Advising on Requirements for Listing

Charltons advises mineral companies on the listing criteria for both the Main Board and the Growth Enterprise Market of the Hong Kong Stock Exchange (“Exchange”). In 2010 the Exchange updated its requirements for listing mineral and petroleum companies.  The updated requirements aim to encourage more listing by mineral companies in Hong Kong by providing investors with a framework of material, relevant and reliable information, and by aligning the Exchange’s rules with global standards.

Under the Listing Rules, a company is defined as a mineral company if its major activity (i.e. an activity representing 25% or more of the total assets, gross revenue or operating expenses of the applicant and its subsidiaries) (“Major Activity”) is the exploration for and/or extraction of natural resources. An existing listed  company will be considered to be a mineral company if it engages in a major acquisition (i.e. 25% or greater of existing activities) of mineral or petroleum assets.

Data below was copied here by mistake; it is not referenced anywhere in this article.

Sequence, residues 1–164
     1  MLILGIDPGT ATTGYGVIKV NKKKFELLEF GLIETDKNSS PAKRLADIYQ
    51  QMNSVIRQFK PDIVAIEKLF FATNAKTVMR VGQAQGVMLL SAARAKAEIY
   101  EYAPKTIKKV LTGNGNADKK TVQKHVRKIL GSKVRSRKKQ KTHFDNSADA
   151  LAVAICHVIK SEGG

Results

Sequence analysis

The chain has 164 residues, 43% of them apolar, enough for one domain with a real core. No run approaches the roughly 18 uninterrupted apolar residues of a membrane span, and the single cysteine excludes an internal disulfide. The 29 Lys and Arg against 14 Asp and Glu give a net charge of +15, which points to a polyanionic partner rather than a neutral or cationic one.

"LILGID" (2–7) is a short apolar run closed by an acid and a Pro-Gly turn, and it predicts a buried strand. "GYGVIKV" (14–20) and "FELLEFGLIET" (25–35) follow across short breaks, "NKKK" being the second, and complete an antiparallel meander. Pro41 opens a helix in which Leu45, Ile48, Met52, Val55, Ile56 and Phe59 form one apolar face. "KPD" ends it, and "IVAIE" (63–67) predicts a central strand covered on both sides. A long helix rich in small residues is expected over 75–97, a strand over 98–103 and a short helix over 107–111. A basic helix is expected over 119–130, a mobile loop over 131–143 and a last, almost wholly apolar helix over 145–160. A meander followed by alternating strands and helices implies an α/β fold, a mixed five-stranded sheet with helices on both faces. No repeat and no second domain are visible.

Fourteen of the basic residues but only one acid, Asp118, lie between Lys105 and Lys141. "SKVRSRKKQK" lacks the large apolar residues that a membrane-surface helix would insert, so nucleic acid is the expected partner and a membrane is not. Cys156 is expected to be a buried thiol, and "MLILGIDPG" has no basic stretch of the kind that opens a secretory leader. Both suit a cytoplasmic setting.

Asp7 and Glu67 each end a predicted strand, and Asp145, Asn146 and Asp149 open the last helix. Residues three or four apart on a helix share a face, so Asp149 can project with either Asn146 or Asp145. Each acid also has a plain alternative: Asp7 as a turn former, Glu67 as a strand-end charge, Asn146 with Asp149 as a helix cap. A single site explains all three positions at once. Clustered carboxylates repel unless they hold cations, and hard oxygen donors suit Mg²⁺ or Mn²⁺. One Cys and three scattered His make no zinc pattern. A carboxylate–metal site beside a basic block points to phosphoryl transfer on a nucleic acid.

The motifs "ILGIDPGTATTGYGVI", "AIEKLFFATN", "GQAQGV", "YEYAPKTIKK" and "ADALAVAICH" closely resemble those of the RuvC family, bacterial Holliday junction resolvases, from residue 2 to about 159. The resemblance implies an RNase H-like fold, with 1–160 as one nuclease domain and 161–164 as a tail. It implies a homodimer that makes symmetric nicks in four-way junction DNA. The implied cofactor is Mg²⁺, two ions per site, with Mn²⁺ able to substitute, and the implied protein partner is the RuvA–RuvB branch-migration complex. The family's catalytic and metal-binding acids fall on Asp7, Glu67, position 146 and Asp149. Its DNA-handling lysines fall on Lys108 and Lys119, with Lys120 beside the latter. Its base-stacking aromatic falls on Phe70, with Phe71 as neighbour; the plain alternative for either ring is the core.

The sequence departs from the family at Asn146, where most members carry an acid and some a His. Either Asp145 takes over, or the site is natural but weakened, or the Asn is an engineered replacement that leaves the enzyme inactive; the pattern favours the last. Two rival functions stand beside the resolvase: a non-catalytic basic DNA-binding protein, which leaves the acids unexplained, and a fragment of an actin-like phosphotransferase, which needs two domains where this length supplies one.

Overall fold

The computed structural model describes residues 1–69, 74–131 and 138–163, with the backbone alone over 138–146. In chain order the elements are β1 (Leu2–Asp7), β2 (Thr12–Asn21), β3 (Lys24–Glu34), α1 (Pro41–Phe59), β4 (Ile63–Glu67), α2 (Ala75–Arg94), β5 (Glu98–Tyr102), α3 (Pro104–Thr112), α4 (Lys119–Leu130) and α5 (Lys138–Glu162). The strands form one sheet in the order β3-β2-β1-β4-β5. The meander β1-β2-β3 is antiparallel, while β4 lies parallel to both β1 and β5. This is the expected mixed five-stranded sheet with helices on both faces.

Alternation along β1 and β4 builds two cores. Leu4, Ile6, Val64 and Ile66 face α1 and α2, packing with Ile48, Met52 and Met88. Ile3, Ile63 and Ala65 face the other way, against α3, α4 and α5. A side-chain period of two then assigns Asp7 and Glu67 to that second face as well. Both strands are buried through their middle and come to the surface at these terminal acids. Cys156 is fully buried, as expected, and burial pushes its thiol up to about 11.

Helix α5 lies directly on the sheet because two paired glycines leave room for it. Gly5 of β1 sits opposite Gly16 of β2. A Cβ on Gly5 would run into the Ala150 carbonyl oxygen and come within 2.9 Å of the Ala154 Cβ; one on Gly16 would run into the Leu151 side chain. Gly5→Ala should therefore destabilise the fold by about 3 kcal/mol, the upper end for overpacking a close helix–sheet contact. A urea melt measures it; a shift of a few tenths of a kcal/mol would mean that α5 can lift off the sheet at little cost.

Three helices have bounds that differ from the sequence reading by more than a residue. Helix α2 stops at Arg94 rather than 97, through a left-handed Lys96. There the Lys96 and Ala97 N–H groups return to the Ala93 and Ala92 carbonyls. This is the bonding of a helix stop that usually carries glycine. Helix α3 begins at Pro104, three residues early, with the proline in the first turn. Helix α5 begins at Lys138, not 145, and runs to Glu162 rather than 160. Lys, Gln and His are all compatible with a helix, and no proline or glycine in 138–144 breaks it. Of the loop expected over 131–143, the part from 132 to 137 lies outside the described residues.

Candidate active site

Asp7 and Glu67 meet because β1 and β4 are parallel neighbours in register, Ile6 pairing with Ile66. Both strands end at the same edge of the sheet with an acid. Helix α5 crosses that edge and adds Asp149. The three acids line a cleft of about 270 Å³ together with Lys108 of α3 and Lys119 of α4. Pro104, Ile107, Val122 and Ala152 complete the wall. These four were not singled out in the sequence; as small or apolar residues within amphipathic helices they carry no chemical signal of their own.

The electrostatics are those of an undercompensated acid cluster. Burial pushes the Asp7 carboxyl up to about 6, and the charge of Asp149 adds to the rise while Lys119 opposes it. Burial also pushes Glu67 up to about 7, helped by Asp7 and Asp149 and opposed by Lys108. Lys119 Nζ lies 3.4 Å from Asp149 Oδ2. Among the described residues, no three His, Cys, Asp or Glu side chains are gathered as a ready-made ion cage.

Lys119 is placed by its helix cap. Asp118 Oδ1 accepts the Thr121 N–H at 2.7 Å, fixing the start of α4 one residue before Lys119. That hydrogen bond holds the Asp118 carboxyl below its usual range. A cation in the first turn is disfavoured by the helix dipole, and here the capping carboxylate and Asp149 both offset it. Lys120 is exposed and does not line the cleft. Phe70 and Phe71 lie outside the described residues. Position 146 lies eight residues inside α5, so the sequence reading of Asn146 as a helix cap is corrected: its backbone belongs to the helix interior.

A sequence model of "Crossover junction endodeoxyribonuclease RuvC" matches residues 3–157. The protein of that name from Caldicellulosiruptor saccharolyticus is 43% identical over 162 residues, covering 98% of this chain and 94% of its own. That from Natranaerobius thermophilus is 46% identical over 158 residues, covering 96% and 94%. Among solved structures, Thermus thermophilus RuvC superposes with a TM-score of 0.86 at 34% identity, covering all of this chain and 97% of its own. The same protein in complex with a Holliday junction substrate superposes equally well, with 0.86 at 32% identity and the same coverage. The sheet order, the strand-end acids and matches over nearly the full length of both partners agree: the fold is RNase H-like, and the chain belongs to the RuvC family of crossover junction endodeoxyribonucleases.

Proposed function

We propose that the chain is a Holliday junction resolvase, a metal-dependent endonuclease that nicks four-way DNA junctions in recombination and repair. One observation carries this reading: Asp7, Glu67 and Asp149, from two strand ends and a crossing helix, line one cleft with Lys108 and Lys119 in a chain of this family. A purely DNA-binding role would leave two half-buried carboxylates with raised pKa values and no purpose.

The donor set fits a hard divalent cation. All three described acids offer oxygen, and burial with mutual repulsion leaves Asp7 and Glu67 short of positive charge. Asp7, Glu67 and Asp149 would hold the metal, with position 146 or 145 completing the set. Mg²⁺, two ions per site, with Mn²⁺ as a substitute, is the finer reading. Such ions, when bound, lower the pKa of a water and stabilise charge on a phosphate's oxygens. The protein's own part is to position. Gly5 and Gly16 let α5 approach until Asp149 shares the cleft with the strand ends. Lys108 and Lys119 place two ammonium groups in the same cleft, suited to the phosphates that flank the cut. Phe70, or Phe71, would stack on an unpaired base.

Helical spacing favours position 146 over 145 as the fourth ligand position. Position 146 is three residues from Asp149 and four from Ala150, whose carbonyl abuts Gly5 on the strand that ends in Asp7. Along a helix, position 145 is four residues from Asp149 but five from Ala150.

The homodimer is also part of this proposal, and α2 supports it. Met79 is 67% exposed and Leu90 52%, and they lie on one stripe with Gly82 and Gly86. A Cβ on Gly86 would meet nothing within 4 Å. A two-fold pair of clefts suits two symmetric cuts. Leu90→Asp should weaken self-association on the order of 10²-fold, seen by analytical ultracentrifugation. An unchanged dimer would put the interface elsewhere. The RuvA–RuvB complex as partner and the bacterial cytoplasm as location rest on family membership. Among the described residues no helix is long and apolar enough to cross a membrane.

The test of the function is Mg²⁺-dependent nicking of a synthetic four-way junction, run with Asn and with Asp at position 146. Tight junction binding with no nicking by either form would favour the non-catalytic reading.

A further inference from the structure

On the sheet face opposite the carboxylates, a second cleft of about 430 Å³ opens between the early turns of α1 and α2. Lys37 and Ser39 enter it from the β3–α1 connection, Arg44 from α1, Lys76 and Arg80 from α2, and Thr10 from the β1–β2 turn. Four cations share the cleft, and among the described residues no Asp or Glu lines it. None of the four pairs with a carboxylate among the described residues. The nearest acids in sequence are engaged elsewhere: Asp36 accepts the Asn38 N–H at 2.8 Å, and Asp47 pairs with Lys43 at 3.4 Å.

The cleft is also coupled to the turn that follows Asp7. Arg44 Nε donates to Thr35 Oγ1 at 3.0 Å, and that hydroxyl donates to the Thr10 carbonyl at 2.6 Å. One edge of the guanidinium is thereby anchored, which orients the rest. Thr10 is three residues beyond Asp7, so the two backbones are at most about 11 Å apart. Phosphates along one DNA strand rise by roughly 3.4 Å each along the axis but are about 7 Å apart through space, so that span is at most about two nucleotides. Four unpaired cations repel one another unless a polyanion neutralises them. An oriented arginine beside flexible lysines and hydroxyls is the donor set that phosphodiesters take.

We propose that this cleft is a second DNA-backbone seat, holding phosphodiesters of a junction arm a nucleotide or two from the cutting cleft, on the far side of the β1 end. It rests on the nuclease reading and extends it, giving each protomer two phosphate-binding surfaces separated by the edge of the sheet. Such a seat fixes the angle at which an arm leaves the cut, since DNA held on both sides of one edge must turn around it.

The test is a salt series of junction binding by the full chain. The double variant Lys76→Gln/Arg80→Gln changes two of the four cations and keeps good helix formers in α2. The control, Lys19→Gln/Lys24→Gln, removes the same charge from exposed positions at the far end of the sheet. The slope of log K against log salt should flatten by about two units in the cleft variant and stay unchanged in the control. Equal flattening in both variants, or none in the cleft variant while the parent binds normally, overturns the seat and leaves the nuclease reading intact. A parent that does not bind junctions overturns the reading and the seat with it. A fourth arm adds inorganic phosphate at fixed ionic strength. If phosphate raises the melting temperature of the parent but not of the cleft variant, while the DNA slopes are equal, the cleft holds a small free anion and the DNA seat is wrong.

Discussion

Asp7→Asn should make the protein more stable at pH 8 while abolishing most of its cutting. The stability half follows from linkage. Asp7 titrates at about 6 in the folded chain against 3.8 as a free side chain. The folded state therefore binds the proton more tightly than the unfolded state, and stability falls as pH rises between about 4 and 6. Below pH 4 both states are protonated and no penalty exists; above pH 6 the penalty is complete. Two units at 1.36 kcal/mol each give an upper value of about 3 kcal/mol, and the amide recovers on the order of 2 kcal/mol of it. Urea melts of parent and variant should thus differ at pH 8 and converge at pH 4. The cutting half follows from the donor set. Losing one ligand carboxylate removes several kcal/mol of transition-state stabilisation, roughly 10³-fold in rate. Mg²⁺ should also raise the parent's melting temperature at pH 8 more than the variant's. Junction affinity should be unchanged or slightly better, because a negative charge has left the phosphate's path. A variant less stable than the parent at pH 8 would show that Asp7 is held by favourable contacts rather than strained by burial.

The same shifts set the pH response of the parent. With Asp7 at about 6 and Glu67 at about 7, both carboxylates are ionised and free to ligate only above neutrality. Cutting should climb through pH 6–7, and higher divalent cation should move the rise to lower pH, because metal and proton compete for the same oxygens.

A mineral company can seek to list by meeting one of the financial track record requirements ("Track Record Tests") set out under Rule 8.05 of the Listing Rules. A mineral company that cannot satisfy one of Track Record Tests (exploration and pre-production stage companies) may still apply to be listed if it can establish that the combined experience of its directors and senior managers is sufficient and relevant to the exploration for and/or extraction activity that the applicant is pursuing, The applicant will also be required to have at least a portfolio of "Indicated Resources" (in the case of minerals) or "Contingent Resources" (in the case of petroleum) that are identifiable under one of the accepted reporting standards and substantiated in the report of an independent suitably qualified expert. Applicants should also have control over a majority (by value) of the assets in which it has invested together with adequate rights over the exploration for and / or extraction of resources which give it sufficient influence in decisions over the exploration for and/or extraction of the resources.